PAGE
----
Hemingway lived in Toronto, Chicago, Paris, and Key West, before spending almost twenty years at a villa in Cuba. During World War II he was said to have rigged his fishing boat with military-style guns and patrolled the Cuban coast looking for German submarines. He fled in 1959 after Fidel Castro took power, and his former home outside Havana has been converted into a museum. He spent his last few years in Ketchum, Idaho, where he died from a shotgun blast to the head on 2 July 1961.

The local sheriff initially told reporters that Hemingway's death "looks like an accident", and his fourth wife, reporter Mary Welsh, said that he had accidentally shot himself while cleaning a weapon. Years later, though, she said that his death had been a suicide, and present-day biographers universally report Hemingway's demise as self-inflicted. Suicide was not uncommon in Hemingway's family and fiction; his father, brother, and at least one sister committed suicide, as did his granddaughter, model and actress Margaux Hemingway.

[1] In his grandfather's home, at 339 N Oak Park Ave.

Father: Clarence Edmonds Hemingway ("Ed", physician, b. 4-Sep-1871, d. 6-Dec-1928 suicide)
Mother: Grace Hall Hemingway (opera singer, b. 15-Jun-1872, m. 1-Oct-1896, d. 28-Jun-1951)
Sister: Marceline Hemingway Sanford (author, b. 15-Jan-1898, d. 9-Dec-1963)
Sister: Ursula Hemingway Jepson (b. 29-Apr-1902, d. 30-Oct-1966 suicide)
Sister: Madalaine Hemingway (b. 28-Nov-1904, d. 14-Jan-1995)
Sister: Carol Hemingway Gardner (teacher, b. 19-Jul-1911, d. 2002)
Brother: Leicester Clarence Hemingway (author-sportsman, b. 1-Apr-1915, d. 13-Sep-1982 suicide)
Girlfriend: Agnes von Kurowsky (nurse, b. 5-Jan-1892, affair 1918-19, d. 25-Sep-1984)
Wife: Elizabeth Hadley Richardson (b. 9-Nov-1891, m. 3-Sep-1921, div. 4-Apr-1927, d. 23-Jan-1979, one son)
Son: John Hadley Nicanor Hemingway ("Jack", conservationist, b. 10-Oct-1923, d. 1-Dec-2000 heart attack)
Wife: Pauline Marie Pfeiffer (fashion writer, b. 22-Jul-1895, m. 10-May-1927, div. 4-Nov-1940, d. 1-Oct-1951, two sons)
Son: Patrick Hemingway (conservationist, b. 28-Jun-1928)
Daughter: Gloria Hemingway (physician, b. Gregory Hemingway 12-Nov-1931, sex change 1995, d. 2-Oct-2001)
Martha Gellhorn (reporter, b. 8-Nov-1908, m. 20-Nov-1940, div. 21-Dec-1945, d. 15-Feb-1998)
Wife: Mary Welsh (reporter, b. 5-Apr-1908, m. 14-Mar-1946 until his death, d. 26-Nov-1986)

    High School: Oak Park and River Forest High School, Oak Park, IL (1917)

    Collier's War Correspondent (1944-45)
    North American Newspaper Alliance European Correspondent (1937-39)
    The Toronto Star Foreign Correspondent (1920-24)
    International Committee of the Red Cross Ambulance Corps, World War I (1918)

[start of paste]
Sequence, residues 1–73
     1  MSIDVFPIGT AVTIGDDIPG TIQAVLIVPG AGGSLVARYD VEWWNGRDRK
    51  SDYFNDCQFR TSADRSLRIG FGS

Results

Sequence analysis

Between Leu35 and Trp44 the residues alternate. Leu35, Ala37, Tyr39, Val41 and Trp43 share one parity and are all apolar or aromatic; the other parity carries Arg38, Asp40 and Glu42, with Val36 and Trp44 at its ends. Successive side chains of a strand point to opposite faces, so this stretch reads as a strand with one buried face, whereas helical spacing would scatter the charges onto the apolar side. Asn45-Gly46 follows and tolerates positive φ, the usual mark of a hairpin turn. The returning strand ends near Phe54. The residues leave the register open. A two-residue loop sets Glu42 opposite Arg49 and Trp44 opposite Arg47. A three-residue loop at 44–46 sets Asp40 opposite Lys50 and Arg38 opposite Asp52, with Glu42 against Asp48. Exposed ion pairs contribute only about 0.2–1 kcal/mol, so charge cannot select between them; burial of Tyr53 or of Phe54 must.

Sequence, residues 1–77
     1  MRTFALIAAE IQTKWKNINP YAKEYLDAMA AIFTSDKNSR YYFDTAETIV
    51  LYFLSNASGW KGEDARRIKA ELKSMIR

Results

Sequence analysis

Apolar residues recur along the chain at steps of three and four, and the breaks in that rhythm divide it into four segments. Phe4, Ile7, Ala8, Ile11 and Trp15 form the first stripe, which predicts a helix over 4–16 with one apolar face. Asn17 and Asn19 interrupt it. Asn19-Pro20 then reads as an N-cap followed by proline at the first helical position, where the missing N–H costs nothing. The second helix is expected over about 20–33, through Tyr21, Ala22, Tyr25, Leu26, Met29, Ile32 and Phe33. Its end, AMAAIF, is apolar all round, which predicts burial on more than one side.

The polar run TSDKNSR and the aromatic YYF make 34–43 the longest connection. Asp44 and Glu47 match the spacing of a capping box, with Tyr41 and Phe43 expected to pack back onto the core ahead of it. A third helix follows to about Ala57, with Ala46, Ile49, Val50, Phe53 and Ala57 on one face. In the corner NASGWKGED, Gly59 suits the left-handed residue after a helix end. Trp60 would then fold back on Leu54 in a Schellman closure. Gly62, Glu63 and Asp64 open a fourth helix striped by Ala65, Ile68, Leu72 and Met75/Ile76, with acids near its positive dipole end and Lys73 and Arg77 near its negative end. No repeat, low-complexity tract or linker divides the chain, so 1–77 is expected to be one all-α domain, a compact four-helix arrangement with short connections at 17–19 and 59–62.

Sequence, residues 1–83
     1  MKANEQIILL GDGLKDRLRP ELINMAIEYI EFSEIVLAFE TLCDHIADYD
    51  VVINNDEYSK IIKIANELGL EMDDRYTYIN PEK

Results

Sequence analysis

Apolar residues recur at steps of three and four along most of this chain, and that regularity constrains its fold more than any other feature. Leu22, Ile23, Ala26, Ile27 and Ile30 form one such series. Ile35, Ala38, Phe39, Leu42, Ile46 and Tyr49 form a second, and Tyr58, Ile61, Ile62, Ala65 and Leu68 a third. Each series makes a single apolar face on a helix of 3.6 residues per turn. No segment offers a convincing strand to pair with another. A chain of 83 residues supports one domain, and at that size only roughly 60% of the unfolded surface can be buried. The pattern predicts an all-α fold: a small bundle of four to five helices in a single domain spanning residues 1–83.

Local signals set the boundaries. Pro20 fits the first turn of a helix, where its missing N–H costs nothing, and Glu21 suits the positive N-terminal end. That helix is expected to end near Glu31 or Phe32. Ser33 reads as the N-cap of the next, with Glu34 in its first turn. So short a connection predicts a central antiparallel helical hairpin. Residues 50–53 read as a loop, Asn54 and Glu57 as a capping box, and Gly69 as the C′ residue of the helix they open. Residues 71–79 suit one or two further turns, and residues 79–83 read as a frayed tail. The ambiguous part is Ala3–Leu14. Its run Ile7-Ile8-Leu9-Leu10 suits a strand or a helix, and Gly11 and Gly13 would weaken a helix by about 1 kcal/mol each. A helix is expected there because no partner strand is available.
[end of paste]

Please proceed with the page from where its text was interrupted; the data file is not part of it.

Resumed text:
The Kansas City Star Cub Reporter (1917-18)
    Silver Medal of Military Valor 1918
    League of American Writers
    Bronze Star 1947 ("for his service as a war correspondent")
    Pulitzer Prize for Fiction 1953, for The Old Man and the Sea
    Nobel Prize for Literature 1954
    Shot: Battle (8-Jul-1918)
    Shrapnel Injury
    Converted to Catholicism 1927, after being raised Congregationalist
    Shot: Self-Inflicted 1935 (accidental)
    Shock Treatment
    Auto accident Concussion and head lacerations (1944)
    Plane Crash Africa (1954)
    Plane Crash again, two days later (1954)
    Suicide Attempt Spring 1961
    Shot: Self-Inflicted Ketchum, ID (2-Jul-1961)
    Risk Factors: Alcoholism, Depression, Diabetes, Hemorrhoids, Insomnia, Malaria, Hepatitis

Author of books:
Three Stories & Ten Poems (1923, collection)
In Our Time (1924, short stories)
The Torrents of Spring (1926, novel)
Today Is Friday (1926, play)
The Sun Also Rises (1926, novel)
Men Without Women (1927, short stories)
A Farewell to Arms (1929, novel)
Death in the Afternoon (1932, sports)
Winner Take Nothing (1933, short stories)
Green Hills of Africa (1935, travelogue)
To Have and Have Not (1937, novel)
The Fifth Column and the First Forty-Nine Stories (1938, collection)
For Whom the Bell Tolls (1940, novel)
Across the River and Into the Trees (1950, novel)
The Old Man and the Sea (1952, novel)
A Moveable Feast (1964)
Islands in the Stream (1970, novel)
The Nick Adams Stories (1972, short stories)
The Garden of Eden (1986, novel)
True at First Light (1999, novel)

Wrote plays:
The Fifth Column (1938)
A Short Happy Life (1961)
The Hemingway Hero (1967, posthumous)

Appears on postage stamps:
USA, Scott #2418 (25, issued 17-Jul-1989)